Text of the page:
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( 5 )isproducingmanyprotons.FLOODSsimulationsindicatethattheexcessprotonscreatedby( 5 )athighH2concentrationsindeedcausethesereactionstoproceedinreverse,butonlywhenkintissufcientlysmallthatprotonspileupathighconcentrationsattheinterface,andonlyenoughtoretardprotonproductionatmoderateH2concentrations.Forexample,atamediumH2concentrationof1016cm)]TJ /F2 7.97 Tf 6.59 0 Td[(3,( 5 )proceedsinbothdirections.However,astheH2concentrationincreasesevenfurther,( 5 )proceedsonlyintheforwarddirection.EvenloweringthereverseenergybarriersfortheprotonreleasereactionscannotcausetheprotonproductionreactionstoreversestronglyenoughtoincreasetheconcentrationofxedoxidechargespeciesathighH2concentrationstothoseseenbyChen,etal.Thisisbecausethebarriertoprotondiffusionisitself0.8eV,andprotonsmustovercomethisminimumbarrierbeforeinteractingwithadefect.Overtheintermediaterangeofkintvalues,protontransportandreactionattheSi/SiO2interfaceaffecttheconcentrationofprotonsintheoxideovermanydecadesoftime.OursimulationsshowthatlargeconcentrationsofprotonscanbuildupneartheSi/SiO2interfacewhentheprotonconcentrationishigh,whilestillallowingasignicantnumberofinterfacetrapstoform.AthighH2concentrations,excessprotonsarecreateddueto( 5 ).TheseresultssuggestthatanelevatedconcentrationofprotonsintheSiO2accountsfortheexcessoxidechargeseenby[ 41 ]athighH2concentrations(Fig. 5-2 ).InthisChapter,wehavefocusedonexploringthemechanismsthatleadtotheH2concentrationdependenceonradiation-inducedoxideandinterfacetrapsasmeasuredbyChen,etal.,atroomtemperature,andwithnobiasacrosstheisolationoxide.Valuesofkintmayhavetoberecalibratedforotherdevicetechnologies,and/orsignicantchangesindoserate,bias,and/orprocessingtechnology.Similarly,defectdensitieswillalsochangewithprocesstechnology,andhydrogenconcentrationwillchangewithambientconditions,devicepassivation,etc..However,themodelingapproachandthe 115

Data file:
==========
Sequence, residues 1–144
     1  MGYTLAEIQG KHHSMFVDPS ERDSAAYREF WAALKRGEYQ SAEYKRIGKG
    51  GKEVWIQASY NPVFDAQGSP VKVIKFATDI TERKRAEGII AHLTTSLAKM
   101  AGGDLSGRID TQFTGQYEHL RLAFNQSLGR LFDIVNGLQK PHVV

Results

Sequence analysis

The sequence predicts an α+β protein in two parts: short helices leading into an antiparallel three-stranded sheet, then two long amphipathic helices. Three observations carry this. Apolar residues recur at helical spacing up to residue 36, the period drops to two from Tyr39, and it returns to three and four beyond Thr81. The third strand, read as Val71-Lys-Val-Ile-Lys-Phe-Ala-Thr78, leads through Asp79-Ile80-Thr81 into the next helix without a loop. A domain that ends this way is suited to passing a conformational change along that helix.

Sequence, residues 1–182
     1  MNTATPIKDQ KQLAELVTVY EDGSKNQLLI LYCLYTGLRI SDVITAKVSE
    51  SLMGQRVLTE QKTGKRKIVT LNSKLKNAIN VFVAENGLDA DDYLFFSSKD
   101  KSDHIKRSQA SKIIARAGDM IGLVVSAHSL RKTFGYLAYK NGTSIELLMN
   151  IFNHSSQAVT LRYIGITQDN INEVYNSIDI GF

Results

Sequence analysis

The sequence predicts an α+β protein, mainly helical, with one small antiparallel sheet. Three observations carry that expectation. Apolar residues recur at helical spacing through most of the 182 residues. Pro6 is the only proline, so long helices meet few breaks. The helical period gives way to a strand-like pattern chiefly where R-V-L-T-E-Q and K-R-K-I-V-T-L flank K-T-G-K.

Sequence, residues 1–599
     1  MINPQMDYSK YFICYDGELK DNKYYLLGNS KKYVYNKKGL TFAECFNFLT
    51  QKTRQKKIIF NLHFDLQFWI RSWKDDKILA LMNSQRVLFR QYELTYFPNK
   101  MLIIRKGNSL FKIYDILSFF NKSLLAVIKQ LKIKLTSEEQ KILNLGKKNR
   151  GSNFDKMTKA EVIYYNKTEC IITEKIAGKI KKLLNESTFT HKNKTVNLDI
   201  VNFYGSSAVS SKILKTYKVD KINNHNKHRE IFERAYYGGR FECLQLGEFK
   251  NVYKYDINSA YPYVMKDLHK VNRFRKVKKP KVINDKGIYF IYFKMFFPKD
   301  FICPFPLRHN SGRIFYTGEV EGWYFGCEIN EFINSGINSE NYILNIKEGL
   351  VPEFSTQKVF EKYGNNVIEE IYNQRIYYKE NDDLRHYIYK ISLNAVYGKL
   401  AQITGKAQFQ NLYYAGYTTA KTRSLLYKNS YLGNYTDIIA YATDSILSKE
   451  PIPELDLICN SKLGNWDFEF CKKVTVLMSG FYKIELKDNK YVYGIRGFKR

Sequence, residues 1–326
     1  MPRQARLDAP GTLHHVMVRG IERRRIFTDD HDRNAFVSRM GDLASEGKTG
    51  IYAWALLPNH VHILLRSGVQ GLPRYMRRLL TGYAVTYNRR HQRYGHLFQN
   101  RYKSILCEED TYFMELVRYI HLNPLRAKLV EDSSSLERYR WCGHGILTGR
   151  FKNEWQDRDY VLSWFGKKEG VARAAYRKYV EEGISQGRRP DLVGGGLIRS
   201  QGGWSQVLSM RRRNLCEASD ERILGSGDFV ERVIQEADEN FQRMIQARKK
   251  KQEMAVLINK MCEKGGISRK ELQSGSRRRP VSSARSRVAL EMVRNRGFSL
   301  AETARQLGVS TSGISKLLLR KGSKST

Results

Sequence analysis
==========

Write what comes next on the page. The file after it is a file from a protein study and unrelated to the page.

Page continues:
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rstprinciplescalculationsoftheenergeticsanddynamicsofthechargetransportandtrappingaregenerallyapplicabletoirradiatedSiO2onSistructures. 5.4ChapterSummaryInthischapter,wehaveexpandedthemodeldevelopedinChapter 4 forinterfacetrapbuilduptoquantitativelyexplainoxidechargebuildupinbipolarisolationoxidesoveracomprehensiverangeofH2concentrations.Thefullyparameterized,physics-basedapproachinthischapterprovidesanimproveddescriptionoftheunderlyingphenomena.TheresultsfortypicalH2concentrationsareconsistentwithpreviousanalysisofoxidetrappedcharge:thedominantsourceofchargeisholestrappedatoxygenvacancies.However,theresultsofthischapterindicatethat,forhighH2concentrations,mostofthepositivechargeintheoxideisduetoprotons.Therateoftheinterfacetrapreactionisfoundtobeakeyphysicalparametergoverningtherelativeconcentrationsofoxidechargeandinterfacetraps. 116